The first reports against Dowlan emerged in the early 1970s when he was a teacher at St Partrick’s College in Ballarat. The Royal Commission summarized this period (1973- 1975) thus:
We have found that Brother Nangle received complaints about Dowlan sexually abusing boys from Mr Barlow, a member of the SRC at St Patrick’s College; Mr Holloway, a lay teacher at St Patrick’s College; and Mr Claassen, a student of St Patrick’s College, and his mother. This evidence makes it implausible that Brother Nangle, as he told us, did not hear any rumours or allegations of child sexual abuse in relation to Dowlan until the mid-1990s. We are satisfied that there was no effective response to any of those reports or complaints in order to manage the risk to children posed by Dowlan. Brother Nangle consistently and unreasonably declined to obtain the details of such reports and complaint
To cut a long story short, from that time until 1993, as many more complaints emerged, Dowlan was transferred to at least five other schools, under the direction of various Provincials, Brs Nagle, Chappell and Noonan. He was finally charged in 1996.
Here is how The Age reported the Commission’s finding on this matter:
Pell dismissed Dowlan complaint
The royal commission accepted the evidence of Timothy Green that in 1974 he tried to bring concerns about paedophile Brother Edward “Ted” Dowlan to Cardinal Pell and was met with resistance. The commission found Cardinal Pell said words to the effect of, “Don’t be ridiculous,” and walked away.
What is not disclosed here is that Pell said he did not recall this incident and did not accept that it had occurred. The report also notes that the surviving witness of two gave evidence that he did not recall the incident. Here is the statement by Mr Green:
Father Pell came in to the change room and said something like ‘G’day boys’ and went and stood behind us and started getting changed. Then I just said something like, ‘We’ve got to do something about what’s going on at St Pat’s’. Father Pell said, ‘Yes, what do you mean?’ I said, ‘Brother Dowlan is touching little boys’. Father Pell said, ‘Don’t be ridiculous’ and walked out.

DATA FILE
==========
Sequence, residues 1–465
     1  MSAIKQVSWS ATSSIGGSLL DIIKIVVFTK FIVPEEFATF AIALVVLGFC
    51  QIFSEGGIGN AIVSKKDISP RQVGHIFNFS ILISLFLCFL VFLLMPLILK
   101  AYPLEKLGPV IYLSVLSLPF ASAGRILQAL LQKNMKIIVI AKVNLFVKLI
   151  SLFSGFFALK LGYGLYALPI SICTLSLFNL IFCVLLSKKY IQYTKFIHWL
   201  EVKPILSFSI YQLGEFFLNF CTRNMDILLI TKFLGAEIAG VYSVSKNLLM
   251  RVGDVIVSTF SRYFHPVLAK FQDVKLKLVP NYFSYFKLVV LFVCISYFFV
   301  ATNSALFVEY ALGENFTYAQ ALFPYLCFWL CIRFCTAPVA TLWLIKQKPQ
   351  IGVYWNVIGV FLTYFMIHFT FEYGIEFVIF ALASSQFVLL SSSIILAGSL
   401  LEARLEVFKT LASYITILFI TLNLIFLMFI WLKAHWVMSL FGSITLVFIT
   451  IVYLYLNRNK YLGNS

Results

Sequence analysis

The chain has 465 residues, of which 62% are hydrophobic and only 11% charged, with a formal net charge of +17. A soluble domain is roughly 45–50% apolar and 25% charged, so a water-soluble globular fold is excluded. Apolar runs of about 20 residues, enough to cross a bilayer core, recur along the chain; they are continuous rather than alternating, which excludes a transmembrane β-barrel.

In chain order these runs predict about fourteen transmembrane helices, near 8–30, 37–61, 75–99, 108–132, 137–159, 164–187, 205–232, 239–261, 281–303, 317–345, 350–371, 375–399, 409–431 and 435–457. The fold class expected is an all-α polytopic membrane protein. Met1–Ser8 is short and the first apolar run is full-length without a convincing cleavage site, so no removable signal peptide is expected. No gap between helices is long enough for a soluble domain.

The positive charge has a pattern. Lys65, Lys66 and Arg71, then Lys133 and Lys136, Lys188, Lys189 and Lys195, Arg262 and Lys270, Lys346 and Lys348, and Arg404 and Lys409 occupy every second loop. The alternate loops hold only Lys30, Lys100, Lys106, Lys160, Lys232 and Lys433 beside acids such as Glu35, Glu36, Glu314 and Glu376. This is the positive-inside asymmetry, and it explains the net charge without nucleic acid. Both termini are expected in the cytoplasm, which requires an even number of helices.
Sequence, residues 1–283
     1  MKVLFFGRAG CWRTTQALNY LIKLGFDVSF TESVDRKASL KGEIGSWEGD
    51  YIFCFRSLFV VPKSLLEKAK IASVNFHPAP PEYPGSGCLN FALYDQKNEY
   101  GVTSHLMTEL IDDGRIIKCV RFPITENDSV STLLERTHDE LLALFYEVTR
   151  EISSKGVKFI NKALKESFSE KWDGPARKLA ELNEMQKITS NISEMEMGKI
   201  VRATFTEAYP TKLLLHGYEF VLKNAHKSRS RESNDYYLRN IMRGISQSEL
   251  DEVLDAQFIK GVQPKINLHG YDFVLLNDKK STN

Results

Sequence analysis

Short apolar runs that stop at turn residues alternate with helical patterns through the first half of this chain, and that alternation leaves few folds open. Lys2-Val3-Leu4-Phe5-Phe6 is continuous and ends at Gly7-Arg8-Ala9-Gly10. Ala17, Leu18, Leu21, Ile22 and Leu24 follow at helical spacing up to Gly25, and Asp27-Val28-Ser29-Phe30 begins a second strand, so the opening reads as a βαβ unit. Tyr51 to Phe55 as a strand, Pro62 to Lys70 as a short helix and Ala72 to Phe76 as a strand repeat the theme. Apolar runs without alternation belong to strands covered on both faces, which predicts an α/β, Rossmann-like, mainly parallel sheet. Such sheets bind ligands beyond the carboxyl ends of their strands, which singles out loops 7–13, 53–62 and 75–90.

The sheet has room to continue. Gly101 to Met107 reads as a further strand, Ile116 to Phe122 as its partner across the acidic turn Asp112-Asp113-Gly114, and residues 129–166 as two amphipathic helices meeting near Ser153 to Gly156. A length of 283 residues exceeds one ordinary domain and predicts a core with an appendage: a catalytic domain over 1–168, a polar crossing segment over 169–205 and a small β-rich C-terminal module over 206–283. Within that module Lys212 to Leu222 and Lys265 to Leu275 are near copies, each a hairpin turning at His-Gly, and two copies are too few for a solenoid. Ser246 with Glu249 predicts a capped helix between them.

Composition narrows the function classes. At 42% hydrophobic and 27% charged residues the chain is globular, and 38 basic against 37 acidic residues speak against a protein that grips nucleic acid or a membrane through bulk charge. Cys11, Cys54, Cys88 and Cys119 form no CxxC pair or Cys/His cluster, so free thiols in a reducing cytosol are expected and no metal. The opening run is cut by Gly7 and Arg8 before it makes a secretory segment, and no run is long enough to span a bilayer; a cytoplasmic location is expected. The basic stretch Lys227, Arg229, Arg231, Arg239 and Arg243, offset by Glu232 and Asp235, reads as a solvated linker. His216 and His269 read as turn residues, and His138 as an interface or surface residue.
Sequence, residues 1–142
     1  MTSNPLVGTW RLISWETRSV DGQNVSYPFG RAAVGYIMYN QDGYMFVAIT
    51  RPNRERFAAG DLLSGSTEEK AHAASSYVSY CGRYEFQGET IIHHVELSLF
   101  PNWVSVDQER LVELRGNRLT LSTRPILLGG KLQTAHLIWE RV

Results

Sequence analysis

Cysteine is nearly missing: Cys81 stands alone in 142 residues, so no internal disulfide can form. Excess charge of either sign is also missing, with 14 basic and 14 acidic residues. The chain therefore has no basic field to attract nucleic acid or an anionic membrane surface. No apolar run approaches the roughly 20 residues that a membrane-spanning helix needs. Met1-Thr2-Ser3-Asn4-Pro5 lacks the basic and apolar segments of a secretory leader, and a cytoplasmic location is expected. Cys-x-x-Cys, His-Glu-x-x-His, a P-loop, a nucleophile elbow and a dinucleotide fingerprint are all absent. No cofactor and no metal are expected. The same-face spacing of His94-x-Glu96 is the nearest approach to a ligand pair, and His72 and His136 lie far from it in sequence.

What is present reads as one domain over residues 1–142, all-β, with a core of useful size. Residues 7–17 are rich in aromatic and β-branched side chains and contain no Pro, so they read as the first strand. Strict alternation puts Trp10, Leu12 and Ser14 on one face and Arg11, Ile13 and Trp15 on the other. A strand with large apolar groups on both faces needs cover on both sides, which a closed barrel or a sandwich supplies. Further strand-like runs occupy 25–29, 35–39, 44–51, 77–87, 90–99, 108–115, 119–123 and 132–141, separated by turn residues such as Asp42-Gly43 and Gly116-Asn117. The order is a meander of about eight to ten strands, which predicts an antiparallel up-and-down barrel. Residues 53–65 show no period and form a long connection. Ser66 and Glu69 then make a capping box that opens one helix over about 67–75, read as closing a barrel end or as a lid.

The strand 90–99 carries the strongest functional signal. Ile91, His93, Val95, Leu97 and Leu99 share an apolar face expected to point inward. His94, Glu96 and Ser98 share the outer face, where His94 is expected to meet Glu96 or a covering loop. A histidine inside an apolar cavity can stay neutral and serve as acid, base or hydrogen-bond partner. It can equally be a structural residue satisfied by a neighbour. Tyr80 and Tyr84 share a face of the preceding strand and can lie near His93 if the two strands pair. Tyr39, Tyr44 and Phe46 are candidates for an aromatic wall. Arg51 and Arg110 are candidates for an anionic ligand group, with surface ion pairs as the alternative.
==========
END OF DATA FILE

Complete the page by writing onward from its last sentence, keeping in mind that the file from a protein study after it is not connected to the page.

Even allowing that he could not be expected to remember his exact words, the phrasing of this conversation strikes me as extremely implausible, coming from a 12-year-old boy. Would a 12 year old boy see himself as part of the response to Dowlan’s offending? Would he refer to Dowlan ‘touching little boys’, when he himself was a little boy? Would he not say ‘touching us’? Nonetheless, based on what I would consider very arcane reasoning, the Commission simply rejected Cardinal Pell’s version and accepted that of Mr Green. From the report:
When asked if he accepted that Mr Green spoke to him in about 1974 about Dowlan, Cardinal Pell said:
Pell: No, I don’t. I have no such recollection of such a dialogue.
Question: But it may have happened? …
Pell: I have no recollection that it happened. I’m certainly not suggesting that Mr Green is telling lies, but I am suggesting that I have no such recollection.
Subsequently, Pell’s counsel challenged elements of Mr Green’s account and it seems the Commission took this as a tacit admission that the conversation did, in fact take place. And this is at odds with an earlier incident wherein Pell did, in fact, report what he had heard about Dowlan. From the Final Report:
Father Pell’s knowledge about Dowlan in the early 1970s
In the early 1970s, Cardinal Pell was told by one or two students, and one or two priests, about Dowlan’s infractions of a sexual nature with minors. We accept that Cardinal Pell concluded at the time that Dowlan must, at the very least, have been unwise and imprudent.
Cardinal Pell told the chaplain at St Patrick’s College, Father Brendan Davey, about the rumours he had heard about Dowlan. We accept that Father Davey told him there were problems and that the Christian Brothers were looking into it. It is not known what Father Davey did with the information that Cardinal Pell provided to him.
Cardinal Pell did not tell Brother Nangle or Bishop Mulkearns about what he had heard.
It was a reasonable assumption on Father Pell’s part that, having advised the chaplain of rumours he had heard and been assured they were being looked into by the Brothers, that he had discharged his duty on this matter. And if Father Pell had been prepared to take seriously accusations against Dowlan in the early 70s, why would he so casually dismiss Mr Green’s claim in 1974?
Given that Dowlan was not in the same ‘chain of command’ as Father Pell, and that Dowlan was so badly mismanaged over the following 20 years, Father Pell’s contribution to this particular scandal appears miniscule.
Where Father Pell was involved more closely with child abuse offences was within the priesthood and the most notorious of these was Father Gerald Ridsdale. From the Report:
Following his ordination in 1961, Ridsdale held 16 different appointments over a period of 29 years as a priest. His appointments were typically short. He spent an average of about 1.8 years per appointment, after which he was transferred to a new role or location. Ridsdale’s appointments were discussed at no less than 18 meetings of the College of Consultors. The frequency with which Ridsdale was moved from appointment to appointment was unusual. Cardinal Pell told us the practice with assistant priests in those days was to give them a variety of experiences over a three-year period. However, he acknowledged that the frequency of Ridsdale’s transfers was somewhat unusual, and he presumed the pattern of movements would give rise to discussion.